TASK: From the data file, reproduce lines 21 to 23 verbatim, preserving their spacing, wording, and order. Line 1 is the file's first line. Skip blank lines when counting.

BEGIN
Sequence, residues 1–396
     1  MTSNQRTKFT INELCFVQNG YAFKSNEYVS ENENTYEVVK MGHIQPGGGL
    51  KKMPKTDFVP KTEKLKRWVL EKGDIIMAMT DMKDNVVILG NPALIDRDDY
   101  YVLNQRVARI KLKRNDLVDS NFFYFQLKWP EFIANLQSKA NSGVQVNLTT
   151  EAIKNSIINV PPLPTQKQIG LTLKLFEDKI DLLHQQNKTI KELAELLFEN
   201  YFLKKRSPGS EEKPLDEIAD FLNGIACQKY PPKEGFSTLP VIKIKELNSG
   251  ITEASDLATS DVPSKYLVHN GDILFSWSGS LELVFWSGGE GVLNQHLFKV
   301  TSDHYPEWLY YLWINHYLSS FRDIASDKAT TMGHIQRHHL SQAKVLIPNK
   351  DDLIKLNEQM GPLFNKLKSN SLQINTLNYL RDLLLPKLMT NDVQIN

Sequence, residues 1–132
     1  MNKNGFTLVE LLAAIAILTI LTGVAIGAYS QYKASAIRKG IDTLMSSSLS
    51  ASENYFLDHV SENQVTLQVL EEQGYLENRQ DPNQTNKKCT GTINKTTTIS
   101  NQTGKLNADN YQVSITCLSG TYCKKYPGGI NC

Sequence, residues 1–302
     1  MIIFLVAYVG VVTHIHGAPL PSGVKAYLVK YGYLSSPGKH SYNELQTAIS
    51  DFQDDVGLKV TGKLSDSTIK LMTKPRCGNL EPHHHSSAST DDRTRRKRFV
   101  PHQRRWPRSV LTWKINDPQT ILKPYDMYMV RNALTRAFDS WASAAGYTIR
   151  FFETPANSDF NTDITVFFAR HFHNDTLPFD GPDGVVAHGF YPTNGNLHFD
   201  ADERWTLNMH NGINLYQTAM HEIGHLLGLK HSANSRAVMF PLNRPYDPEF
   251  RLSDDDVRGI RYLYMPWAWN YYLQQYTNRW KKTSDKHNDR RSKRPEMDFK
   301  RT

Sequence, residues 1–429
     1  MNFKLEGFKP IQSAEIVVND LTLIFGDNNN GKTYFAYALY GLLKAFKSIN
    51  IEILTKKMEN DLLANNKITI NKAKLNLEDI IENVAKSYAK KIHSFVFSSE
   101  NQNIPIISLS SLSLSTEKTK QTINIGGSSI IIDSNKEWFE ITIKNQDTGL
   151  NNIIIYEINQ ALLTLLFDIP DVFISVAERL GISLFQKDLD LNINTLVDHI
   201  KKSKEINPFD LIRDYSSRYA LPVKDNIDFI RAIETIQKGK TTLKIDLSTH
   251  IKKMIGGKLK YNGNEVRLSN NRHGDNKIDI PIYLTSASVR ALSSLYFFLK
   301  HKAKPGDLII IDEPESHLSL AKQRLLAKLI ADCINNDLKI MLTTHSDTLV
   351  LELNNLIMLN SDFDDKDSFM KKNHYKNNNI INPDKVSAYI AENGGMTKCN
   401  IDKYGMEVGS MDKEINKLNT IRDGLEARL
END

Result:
   301  RT

Sequence, residues 1–429
     1  MNFKLEGFKP IQSAEIVVND LTLIFGDNNN GKTYFAYALY GLLKAFKSIN